TAMPA, Fla. -- Shaw's Supermarkets, East Bridgewater, Mass., is seeking to expand on all three variations of cross-docking it now practices.
The retailer currently cross-docks 5% to 10% of its weekly grocery shipments -- mostly high-volume, full-pallet merchandise -- and sees future opportunities in areas like direct-store-delivery, said James Sheehan, director of logistics.
The benefits of a sizable cross-docking program stand to be tremendous, he said.
"We can reduce 75% of the cost of putting a case through distribution by going across the dock," Sheehan said, because putaway, letdown and selection represent the vast majority of costs.
Sheehan spoke earlier this month at a conference here called "Meet Retailers' Demands Through Cross-Docking Execution," sponsored by The Marketing Institute, New York.
The retailer said it is now conducting three different kinds of cross-docking:
· True Cross-Docking: Cross-docking in its purest form, where products are simply taken off one truck and placed on another. "It has the maximum benefits, but there are not many items that fit this criteria," Sheehan said.
· Semi Cross-Docking: Merchandise is unloaded and left on the dock until the outbound truck arrives. There is the risk of cluttering the dock, however, he noted. "The problem is that it butts heads with other efficiency concepts we have."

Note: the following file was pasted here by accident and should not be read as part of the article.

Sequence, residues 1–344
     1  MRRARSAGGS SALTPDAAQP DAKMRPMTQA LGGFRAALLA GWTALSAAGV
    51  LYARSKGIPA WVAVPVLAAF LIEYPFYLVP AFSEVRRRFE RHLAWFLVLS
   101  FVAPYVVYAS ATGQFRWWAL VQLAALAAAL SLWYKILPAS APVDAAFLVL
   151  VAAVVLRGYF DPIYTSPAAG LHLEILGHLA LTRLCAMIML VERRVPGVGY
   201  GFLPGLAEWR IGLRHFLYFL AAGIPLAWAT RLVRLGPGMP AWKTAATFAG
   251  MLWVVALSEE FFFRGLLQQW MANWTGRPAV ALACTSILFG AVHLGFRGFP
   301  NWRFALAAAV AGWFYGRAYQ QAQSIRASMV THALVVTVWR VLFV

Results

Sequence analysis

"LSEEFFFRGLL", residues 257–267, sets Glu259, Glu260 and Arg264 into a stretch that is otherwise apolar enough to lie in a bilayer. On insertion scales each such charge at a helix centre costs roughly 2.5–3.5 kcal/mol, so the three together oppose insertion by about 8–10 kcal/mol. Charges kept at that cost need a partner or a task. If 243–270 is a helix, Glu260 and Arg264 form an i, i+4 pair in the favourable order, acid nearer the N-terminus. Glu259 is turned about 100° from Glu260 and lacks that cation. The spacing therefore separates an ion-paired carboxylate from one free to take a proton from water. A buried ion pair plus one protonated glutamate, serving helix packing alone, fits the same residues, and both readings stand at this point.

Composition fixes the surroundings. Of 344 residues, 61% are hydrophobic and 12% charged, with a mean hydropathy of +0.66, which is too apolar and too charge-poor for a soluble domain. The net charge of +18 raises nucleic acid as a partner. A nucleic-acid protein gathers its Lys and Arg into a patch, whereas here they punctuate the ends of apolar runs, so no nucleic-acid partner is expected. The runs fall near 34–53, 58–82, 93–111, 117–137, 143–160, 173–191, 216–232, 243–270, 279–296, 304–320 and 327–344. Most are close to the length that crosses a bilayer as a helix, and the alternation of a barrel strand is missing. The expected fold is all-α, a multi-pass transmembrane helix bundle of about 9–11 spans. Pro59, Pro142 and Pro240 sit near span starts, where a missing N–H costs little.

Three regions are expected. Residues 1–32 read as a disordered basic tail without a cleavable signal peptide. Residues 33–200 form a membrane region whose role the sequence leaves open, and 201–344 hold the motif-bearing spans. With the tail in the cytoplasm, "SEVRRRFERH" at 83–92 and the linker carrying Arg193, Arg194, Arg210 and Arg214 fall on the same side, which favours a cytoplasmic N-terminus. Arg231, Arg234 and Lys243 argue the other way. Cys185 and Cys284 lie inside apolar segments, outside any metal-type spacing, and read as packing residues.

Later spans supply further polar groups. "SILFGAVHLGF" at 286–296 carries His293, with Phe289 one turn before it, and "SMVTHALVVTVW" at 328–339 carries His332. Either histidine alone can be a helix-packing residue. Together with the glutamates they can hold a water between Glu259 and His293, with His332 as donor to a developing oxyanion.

· Near Cross-Docking: Products are stored in a holding area upon arrival, where they are added to existing pallets that will be shipped out. "This is probably our most effective use of cross-docking," Sheehan said. "While it's not truly a cross-dock," it accommodates the widest range of items.
The retailer considers its "true cross-dock" distribution of bottled water, which makes up about 1% of its shipments, to be one of its most successful initiatives.
"The No. 1 moving item we have is water: 1 million cases a year and two to three pallets per store each week," Sheehan
said. "Anybody could cross-dock that item."
Other cross-docked products include paper, sugar, potato chips and cereals. These products are cross-docked weekly, leaving a week's worth of movement in store back rooms.
While stores do sacrifice some back-room space for the products, Sheehan said that makes more economic sense than traditionally handling and storing the high-volume merchandise at the warehouse.
Shaw's has also successfully cross-docked items featured in holiday-based promotions. Through cross-docking at the warehouse level, stores may receive 40% to 75% of all the merchandise ordered for promotions days before they begin.
Thanksgiving programs in particular have been a success, Sheehan said, with a great majority of items like turkeys, whipped cream and pies cross-docked to stores. "We're putting most of our efforts into promotional products," he said.
With its variety of cross-dock initiatives now established, Shaw's is now on the lookout for additional opportunities. The retailer is especially intrigued with cross-docking items traditionally received via direct-store-delivery.
"DSD items could be the No. 1 cross-dock items," he said. "We'd like to take [DSD items] into central distribution."
Another cross-docking opportunity could emerge with one of Shaw's private-label suppliers, he said. Although some private-label products are not usually viewed as candidates for cross-docking, Shaw's may consider expanding into that area because the retailer has greater control over shipment sizes and arrivals than it has with other manufacturers, Sheehan said.